Keywords: diminished ovarian reserve; endometrial lining thickness; granulosa cells; in vitro fertilization; oocyte; ozone sauna therapy; pulsed electromagnetic field therapy; steroidogenesis



How to cite this URL:
Dias AR, Bitsaktsis C, Emdin D, Bosman L, Smith AH, Merhi Z. Ozone sauna therapy and pulsed electromagnetic field therapy could potentially improve outcome in women with diminished ovarian reserve undergoing assisted reproductive technology. Med Gas Res [Epub ahead of print] [cited 2022 Dec 9]. Available from: https://www.medgasres.com/preprintarticle.asp?id=350862




  Introduction Top


The ozone gas is comprised of three atoms of oxygen in a cyclic structure and is highly water soluble.[1] It can be produced by commercial ozone generators that send a high voltage electrical gradient through a condenser containing medical grade pure oxygen,[2] and when the electrical discharge breaks oxygen into two separate molecules, these individual molecules can be later combined with another oxygen molecule to produce ozone.[3] Ozone acts via several different biological mechanisms. For instance, upon cellular exposure to ozone, a multifaceted endogenous cascade is initiated, and active biological substrates are released due to the oxidative stress induced by ozone.[4] Hydrogen peroxide can be produced by ozone reacting with cell membrane polyunsaturated fatty acids and water. The generated reactive oxygen species can in turn enhance various biological processes, such as increasing production of adenosine triphosphate and stimulating the production of enzymes that act as free radical scavengers, and cell wall protectors, such as glutathione peroxidase, superoxide dismutase, glutathione S-transferase and catalase.[1],[4],[5] Another observed mechanism of action for ozone is to active the immune system since administration of ozone has been shown to elevate the production of interferon, tumor necrosis factor,[6] and interleukins.[7] Finally due to its high reactivity, ozone exhibits strong antibacterial, antiviral, antifungal, and anti- protozoal activities.[1]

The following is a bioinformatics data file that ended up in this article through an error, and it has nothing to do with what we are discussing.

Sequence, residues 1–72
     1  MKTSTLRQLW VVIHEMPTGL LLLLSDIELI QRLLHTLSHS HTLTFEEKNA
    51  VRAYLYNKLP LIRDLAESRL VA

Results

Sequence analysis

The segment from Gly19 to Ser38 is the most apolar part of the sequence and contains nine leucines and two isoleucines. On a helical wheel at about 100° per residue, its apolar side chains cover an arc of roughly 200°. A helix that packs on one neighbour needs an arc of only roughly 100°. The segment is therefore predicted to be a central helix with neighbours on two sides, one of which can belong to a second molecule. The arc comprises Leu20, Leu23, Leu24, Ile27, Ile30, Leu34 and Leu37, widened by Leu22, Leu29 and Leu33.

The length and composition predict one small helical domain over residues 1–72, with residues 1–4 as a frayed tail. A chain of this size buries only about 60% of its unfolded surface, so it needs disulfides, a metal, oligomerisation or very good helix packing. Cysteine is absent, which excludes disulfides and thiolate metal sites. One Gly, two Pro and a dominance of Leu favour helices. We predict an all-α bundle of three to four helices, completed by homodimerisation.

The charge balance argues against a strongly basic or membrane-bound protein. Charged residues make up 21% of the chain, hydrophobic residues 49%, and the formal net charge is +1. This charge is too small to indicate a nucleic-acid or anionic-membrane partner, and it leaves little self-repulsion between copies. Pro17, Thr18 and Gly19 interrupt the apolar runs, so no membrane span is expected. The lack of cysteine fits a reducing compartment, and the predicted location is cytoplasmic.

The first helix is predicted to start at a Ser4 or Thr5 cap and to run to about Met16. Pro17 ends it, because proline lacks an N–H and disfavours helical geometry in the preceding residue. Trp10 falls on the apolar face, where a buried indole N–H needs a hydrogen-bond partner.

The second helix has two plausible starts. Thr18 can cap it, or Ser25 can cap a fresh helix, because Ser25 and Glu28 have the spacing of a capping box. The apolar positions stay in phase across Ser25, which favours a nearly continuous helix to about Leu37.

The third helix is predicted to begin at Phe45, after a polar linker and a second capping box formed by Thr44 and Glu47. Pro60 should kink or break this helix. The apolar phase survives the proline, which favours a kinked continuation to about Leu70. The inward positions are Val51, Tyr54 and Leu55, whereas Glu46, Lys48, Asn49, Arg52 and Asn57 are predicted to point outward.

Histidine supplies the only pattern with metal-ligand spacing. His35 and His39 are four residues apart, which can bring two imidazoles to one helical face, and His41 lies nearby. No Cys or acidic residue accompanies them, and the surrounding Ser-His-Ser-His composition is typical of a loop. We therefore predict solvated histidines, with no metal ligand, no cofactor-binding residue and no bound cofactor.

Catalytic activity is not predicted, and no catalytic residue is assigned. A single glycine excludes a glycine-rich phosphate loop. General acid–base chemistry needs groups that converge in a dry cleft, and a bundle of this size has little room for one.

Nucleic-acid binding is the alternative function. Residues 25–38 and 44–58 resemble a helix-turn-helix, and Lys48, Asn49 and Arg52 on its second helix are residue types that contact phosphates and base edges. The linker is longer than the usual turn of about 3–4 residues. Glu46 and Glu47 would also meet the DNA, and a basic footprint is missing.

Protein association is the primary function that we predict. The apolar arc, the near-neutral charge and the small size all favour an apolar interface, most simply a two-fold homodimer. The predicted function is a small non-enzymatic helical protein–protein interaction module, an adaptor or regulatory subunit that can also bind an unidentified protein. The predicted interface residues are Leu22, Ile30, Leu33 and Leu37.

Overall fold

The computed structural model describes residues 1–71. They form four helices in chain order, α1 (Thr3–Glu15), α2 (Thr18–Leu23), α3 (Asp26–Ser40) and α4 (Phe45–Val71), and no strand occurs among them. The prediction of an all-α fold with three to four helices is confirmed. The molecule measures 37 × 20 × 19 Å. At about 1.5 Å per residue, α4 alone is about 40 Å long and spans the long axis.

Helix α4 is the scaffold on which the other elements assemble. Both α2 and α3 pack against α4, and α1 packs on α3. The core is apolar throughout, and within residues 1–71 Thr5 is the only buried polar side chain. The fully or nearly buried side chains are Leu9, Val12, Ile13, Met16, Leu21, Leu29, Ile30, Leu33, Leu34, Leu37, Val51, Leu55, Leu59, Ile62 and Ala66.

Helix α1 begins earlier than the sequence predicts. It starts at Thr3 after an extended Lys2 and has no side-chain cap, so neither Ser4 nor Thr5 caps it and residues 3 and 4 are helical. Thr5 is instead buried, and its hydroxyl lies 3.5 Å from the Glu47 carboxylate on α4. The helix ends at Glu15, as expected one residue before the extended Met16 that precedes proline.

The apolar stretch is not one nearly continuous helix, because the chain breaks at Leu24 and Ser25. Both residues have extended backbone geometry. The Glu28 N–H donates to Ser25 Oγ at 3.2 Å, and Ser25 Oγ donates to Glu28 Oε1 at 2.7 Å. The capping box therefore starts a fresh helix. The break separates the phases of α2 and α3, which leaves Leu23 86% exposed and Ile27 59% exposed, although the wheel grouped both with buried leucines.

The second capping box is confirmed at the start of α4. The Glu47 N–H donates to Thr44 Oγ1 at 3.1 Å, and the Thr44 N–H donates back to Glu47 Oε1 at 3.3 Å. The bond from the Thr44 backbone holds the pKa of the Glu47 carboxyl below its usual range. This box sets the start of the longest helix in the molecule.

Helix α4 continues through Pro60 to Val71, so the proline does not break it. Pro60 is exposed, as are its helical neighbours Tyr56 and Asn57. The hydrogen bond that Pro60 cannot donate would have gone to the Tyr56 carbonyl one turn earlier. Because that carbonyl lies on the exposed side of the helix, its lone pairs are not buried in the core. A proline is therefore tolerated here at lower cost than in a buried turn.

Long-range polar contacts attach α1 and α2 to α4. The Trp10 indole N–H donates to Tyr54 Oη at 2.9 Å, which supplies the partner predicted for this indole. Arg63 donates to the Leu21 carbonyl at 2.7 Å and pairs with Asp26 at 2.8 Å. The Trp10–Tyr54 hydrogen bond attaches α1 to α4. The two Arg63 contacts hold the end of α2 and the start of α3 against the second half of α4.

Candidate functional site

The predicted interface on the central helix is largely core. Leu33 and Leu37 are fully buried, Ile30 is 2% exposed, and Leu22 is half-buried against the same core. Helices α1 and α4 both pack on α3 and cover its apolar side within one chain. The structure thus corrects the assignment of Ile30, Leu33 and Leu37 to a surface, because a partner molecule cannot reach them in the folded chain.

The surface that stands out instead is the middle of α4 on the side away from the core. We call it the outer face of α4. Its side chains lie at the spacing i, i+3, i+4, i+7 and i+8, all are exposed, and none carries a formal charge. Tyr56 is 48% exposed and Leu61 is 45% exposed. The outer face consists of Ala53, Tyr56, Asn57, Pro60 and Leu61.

Ozone sauna therapy (OST) has been administered via several routes that include transdermal, intra-arterial, subcutaneous, intramuscular, vaginal, and rectal.[8] Clinically, ozone has demonstrated valuable therapeutic effects in treating several disorders that include acquired immune deficiency syndrome,[9] cancer,[10] osteoarthritis,[11] dental conditions,[12] fibromyalgia,[13] coronavirus disease 2019 (COVID-19) pneumonia,[14] diabetic foot,[15] dermatitis,[16] degenerative disorders,[17] liver diseases[18] and many others. In animal models, there are plenty of studies that demonstrated a beneficial use of OST in gynecological and fertility disorders, for example, OST was able to treat pelvic inflammatory disease-induced endometrial injury and tubal blockage in rats,[19] and also it has shown to improve fertility and reduce bacterial load in post-partum-induced clinical and subclinical endometritis in cows.[20],[21]